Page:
Britain will withdraw militarily sooner than expected

The United Kingdom announced on Monday, November 14, the early withdrawal of its soldiers currently stationed in Mali, highlighting in particular the junta’s use of force against the Russian paramilitary group Wagner.

The British contingent will leave (…) (UN peacekeeping mission) earlier than plannedSecretary of State for the Armed Forces James Heappey told the House of Commons.

“The responsibility for all this lies with Bamako”

We must be clear that the responsibility for all this lies with Bamako“, he added, referring to the rapprochement of the junta in power since 2020 with the paramilitary group Wagner, which has a reputation for being close to the Moscow regime.

The Malian government’s partnership with the Wagner group is counterproductive to long-term stability and security in the region“.The British Government”cannot deploy the national army to provide security when the host government is unwilling to work with us to create lasting stability and security”, insisted James Heappey.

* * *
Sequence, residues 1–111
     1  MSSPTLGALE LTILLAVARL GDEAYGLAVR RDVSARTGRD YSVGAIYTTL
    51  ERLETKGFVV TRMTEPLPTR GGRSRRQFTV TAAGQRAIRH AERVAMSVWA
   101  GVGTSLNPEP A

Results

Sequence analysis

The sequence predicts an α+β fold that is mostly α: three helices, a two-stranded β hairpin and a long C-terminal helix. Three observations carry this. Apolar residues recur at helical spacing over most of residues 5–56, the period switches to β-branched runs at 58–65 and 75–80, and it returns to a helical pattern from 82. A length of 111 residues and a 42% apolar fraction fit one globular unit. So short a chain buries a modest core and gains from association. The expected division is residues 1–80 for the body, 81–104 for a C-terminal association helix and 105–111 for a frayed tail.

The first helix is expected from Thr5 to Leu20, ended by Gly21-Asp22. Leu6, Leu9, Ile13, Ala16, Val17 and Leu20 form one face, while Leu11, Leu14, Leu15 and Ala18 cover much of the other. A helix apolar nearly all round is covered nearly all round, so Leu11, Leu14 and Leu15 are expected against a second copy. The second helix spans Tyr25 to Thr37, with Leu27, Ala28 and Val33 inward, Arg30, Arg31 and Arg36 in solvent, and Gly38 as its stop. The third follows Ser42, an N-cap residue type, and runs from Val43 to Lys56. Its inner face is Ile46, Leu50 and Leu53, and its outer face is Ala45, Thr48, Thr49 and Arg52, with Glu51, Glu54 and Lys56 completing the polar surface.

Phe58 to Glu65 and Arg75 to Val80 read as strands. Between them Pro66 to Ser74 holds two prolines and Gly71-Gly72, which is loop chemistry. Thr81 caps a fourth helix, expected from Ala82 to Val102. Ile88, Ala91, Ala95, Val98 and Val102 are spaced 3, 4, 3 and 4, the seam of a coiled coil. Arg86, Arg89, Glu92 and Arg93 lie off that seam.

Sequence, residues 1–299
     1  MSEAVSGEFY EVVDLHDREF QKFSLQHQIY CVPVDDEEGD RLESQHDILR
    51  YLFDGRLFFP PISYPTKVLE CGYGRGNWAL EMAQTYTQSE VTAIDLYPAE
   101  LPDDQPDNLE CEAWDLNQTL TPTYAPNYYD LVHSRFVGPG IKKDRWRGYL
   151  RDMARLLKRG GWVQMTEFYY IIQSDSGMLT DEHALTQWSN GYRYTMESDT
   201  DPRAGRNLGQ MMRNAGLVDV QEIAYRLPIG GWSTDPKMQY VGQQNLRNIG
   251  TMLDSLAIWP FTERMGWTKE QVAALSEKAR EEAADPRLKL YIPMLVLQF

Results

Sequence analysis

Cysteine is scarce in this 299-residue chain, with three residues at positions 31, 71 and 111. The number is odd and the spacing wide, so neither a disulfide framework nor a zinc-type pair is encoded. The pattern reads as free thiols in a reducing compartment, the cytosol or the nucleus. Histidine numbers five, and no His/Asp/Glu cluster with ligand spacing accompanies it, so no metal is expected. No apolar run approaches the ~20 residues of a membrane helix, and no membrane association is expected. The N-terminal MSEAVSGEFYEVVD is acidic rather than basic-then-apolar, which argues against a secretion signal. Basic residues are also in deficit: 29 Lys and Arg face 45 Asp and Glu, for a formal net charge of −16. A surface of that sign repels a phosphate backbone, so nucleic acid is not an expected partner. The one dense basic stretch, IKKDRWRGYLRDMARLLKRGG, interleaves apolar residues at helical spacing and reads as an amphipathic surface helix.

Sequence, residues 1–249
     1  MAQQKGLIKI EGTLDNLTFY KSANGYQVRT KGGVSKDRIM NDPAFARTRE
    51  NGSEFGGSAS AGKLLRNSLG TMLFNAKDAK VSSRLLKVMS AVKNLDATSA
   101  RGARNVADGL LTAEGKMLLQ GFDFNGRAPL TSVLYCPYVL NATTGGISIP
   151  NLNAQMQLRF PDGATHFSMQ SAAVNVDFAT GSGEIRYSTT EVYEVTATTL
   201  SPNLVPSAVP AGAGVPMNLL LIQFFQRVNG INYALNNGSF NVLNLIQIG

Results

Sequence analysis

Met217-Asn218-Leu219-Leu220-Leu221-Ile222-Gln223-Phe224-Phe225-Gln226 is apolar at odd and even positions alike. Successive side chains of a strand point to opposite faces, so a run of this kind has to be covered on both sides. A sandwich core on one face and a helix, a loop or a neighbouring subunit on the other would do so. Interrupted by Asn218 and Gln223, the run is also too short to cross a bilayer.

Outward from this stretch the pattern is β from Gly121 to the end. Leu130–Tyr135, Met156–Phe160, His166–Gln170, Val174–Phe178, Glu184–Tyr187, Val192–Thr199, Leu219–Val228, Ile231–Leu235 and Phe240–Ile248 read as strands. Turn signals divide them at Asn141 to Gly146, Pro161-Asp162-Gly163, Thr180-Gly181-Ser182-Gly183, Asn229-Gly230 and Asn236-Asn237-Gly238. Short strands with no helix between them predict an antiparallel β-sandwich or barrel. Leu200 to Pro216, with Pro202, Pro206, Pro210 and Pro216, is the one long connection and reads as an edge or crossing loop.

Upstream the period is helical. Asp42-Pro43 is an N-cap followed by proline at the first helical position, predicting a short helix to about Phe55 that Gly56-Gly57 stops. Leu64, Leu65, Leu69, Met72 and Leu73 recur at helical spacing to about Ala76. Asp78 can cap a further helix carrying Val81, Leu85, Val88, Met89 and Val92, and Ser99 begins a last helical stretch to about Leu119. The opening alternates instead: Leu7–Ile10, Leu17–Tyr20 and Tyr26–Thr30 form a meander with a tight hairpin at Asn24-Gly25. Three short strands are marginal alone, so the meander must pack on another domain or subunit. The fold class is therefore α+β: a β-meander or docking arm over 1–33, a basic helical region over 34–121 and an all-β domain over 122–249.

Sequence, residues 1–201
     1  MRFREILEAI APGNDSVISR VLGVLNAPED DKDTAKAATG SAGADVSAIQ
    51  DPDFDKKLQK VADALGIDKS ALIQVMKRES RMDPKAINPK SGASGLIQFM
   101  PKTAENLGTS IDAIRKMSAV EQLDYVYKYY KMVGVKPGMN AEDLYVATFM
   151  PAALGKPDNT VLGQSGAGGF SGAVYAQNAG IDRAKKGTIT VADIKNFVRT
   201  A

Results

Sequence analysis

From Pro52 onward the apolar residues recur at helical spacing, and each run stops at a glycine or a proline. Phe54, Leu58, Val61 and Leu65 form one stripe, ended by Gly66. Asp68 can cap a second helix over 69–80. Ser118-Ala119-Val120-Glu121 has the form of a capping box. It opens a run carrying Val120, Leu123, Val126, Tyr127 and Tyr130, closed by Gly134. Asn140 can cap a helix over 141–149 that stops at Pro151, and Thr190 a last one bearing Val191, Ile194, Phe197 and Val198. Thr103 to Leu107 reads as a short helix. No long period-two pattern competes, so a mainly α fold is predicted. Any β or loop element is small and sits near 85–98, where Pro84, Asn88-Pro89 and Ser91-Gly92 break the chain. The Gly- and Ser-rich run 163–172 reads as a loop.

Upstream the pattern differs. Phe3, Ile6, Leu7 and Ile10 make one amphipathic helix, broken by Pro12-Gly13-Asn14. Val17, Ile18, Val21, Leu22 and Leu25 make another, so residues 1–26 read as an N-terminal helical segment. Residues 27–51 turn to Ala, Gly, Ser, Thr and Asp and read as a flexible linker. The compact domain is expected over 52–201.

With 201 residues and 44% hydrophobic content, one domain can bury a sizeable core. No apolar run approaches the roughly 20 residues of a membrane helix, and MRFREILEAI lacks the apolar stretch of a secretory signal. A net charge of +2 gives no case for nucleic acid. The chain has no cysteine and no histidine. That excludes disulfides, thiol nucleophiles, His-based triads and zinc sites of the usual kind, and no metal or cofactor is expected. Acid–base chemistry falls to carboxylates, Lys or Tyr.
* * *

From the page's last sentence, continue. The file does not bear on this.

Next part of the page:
Almost 300 British soldiers have been present in Mali since the end of 2020, as part of the deployment of the UN peacekeeping mission in the country launched in 2013 (Minusma), mainly with the aim of stabilizing the security situation in a country , who are victims of jihadists. attack.

The commitment was to last for three years, but faced with the increase in instability in the country, according to the Ministry of Defence, London decided to anticipate the withdrawal of its troops, who were to leave the country within the next six months.

France, the main country intervening militarily in Mali, particularly through Barkhane force soldiers, as well as its European partners announced in February their withdrawal from the country. The last French soldiers left Mali this summer after almost a decade of intervention.

Strained relations between Mali and its partners

Relations between the Malian authorities – dominated since August 2020 by the military – and its partners, especially the UN, have been strained in recent months.

After pushing out the former French ally, the ruling junta repeatedly verbally attacked Minusma, whose mandate was renewed in June for a year.

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